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GED Testing administrator Dick Twete retires, Allan Lynk takes his place

Photo provided by Dana Pavek Dick Twete, left, retired as the GED chief examiner in Wadena this summer. Taking over for Twete is Allan Lynk.

As chief examiner of the GED Testing Center in Wadena, Dick Twete has seen firsthand how attaining the high school equivalency diploma can change a person's life.

"The GED test offers people a second chance at attending college or pursuing a career," Twete said. "It really opens doors for them."

This summer, Twete retired as the chief examiner of the GED Testing Program located at the M State campus in Wadena. Retired social worker Allan Lynk trained under Twete and is now the new chief examiner.

"It's been a very rewarding experience to see how people accomplish their goal," Twete said. "I've met a lot of nice people."

The GED is the legal equivalent of a high school diploma. If a person drops out of high school, they have the opportunity to obtain a certificate good enough for a high school education. The GED test covers reading and writing skills, math skills, and knowledge on basic science and social studies subjects.

"When people drop out of school, there might have been many things going on in their lives," Twete said. While graduation rates in the area are high, there are people who do drop out of school. "There are numerous reasons why people drop out," Twete added.

Lynk said it doesn't matter the reason a person drops out, what matters is they can always go back to school.

"It is not too late and you should never stop learning," he said.

Twete started as GED testing administrator in spring 1998. Prior to that, he served as the counselor at Minnesota State Community and Technical College -- Wadena for 17 years. In all, Twete has dedicated 43 years of his life in the education field -- serving as an elementary and secondary teacher, counselor and coach. Twete also spent many years as a high school sports official.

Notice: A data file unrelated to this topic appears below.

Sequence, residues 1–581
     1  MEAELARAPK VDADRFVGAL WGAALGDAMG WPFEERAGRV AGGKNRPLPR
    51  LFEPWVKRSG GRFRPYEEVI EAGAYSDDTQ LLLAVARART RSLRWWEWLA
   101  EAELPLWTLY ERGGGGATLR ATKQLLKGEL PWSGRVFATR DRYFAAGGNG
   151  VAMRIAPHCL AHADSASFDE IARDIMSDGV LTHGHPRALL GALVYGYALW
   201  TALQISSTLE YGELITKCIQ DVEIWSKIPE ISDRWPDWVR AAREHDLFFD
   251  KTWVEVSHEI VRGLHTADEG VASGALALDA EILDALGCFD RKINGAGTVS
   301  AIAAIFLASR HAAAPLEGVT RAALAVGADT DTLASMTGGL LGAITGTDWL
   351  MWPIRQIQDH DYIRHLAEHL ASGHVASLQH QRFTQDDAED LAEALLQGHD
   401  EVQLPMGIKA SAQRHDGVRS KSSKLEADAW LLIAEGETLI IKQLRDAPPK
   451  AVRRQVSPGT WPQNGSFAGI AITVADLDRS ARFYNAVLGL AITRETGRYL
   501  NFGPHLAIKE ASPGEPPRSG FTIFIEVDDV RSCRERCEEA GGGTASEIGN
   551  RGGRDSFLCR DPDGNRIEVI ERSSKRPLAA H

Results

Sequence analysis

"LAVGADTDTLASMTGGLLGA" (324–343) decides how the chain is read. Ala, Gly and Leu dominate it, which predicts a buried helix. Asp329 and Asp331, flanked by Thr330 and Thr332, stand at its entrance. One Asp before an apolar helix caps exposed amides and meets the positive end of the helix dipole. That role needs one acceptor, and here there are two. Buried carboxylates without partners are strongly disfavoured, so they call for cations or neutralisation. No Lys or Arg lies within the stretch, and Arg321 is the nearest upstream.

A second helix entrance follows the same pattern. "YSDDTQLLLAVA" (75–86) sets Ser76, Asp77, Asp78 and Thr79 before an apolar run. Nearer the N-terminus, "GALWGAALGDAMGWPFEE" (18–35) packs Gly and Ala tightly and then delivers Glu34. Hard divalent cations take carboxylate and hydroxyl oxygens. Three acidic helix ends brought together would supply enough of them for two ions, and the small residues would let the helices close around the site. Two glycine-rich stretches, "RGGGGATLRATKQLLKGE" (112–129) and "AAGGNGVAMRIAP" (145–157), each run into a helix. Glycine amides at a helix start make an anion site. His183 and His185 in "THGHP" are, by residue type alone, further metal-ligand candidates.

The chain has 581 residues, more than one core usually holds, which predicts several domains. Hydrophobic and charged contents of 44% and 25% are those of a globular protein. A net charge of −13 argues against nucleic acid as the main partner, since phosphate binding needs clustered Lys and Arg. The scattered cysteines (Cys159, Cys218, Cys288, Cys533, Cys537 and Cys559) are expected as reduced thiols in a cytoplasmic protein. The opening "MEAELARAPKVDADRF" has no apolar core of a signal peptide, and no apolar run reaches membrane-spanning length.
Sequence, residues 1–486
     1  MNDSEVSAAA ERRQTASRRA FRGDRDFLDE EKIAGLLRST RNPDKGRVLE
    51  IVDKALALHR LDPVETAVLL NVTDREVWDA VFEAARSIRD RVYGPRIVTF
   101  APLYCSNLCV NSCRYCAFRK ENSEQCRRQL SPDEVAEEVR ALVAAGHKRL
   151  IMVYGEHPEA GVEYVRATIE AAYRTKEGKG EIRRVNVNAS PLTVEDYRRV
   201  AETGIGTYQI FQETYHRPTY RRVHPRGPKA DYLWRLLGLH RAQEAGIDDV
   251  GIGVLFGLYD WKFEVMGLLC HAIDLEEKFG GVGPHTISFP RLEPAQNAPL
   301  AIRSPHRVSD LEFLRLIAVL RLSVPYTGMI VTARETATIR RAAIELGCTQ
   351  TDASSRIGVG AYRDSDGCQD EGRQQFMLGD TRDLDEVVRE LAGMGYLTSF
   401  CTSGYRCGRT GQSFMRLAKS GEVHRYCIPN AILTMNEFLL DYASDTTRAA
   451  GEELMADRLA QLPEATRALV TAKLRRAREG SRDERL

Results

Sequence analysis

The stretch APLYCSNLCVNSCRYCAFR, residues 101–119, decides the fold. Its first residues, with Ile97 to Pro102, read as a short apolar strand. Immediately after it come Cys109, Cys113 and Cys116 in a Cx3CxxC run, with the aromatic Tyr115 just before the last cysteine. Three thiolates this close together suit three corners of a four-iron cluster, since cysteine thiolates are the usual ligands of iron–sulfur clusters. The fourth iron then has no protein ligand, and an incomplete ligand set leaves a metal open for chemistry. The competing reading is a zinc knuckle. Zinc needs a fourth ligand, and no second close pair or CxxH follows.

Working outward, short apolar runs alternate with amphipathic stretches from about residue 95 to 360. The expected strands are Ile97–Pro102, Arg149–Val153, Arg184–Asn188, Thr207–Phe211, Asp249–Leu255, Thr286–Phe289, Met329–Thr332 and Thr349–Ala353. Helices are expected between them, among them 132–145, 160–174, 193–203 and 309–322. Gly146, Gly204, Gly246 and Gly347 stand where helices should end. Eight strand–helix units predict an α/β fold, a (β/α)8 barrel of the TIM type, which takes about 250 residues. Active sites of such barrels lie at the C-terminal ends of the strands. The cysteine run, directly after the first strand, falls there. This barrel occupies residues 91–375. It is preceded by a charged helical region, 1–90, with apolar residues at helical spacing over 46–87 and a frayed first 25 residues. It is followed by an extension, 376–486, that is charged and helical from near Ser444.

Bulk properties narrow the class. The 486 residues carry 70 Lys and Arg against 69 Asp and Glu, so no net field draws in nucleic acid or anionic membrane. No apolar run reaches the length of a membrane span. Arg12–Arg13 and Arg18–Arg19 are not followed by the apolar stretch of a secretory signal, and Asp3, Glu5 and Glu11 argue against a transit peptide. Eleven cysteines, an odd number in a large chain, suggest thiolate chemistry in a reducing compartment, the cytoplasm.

Lynk trained under Twete for about a month this summer, learning how to administer the test. However, Lynk had worked as a GED tutor so was familiar with the program. He also spent 20 years as a social worker in Wadena.

The GED testing program is housed under the Adult Basic Education program, which is operated and supported by Wadena-Deer Creek School District.

"Individualized instruction is provided by GED tutors who give students that extra push they may need," said Sharon Brincefield, ABE director.

GED tests cannot be taken online and are offered only at official GED testing centers, such as Wadena's. Furthermore, a person must be 16 years of age to test, but those under 18 years of age must have parental permission.

If you'd like more information on the GED program, call the Adult Basic Education office at (218) 632-2450.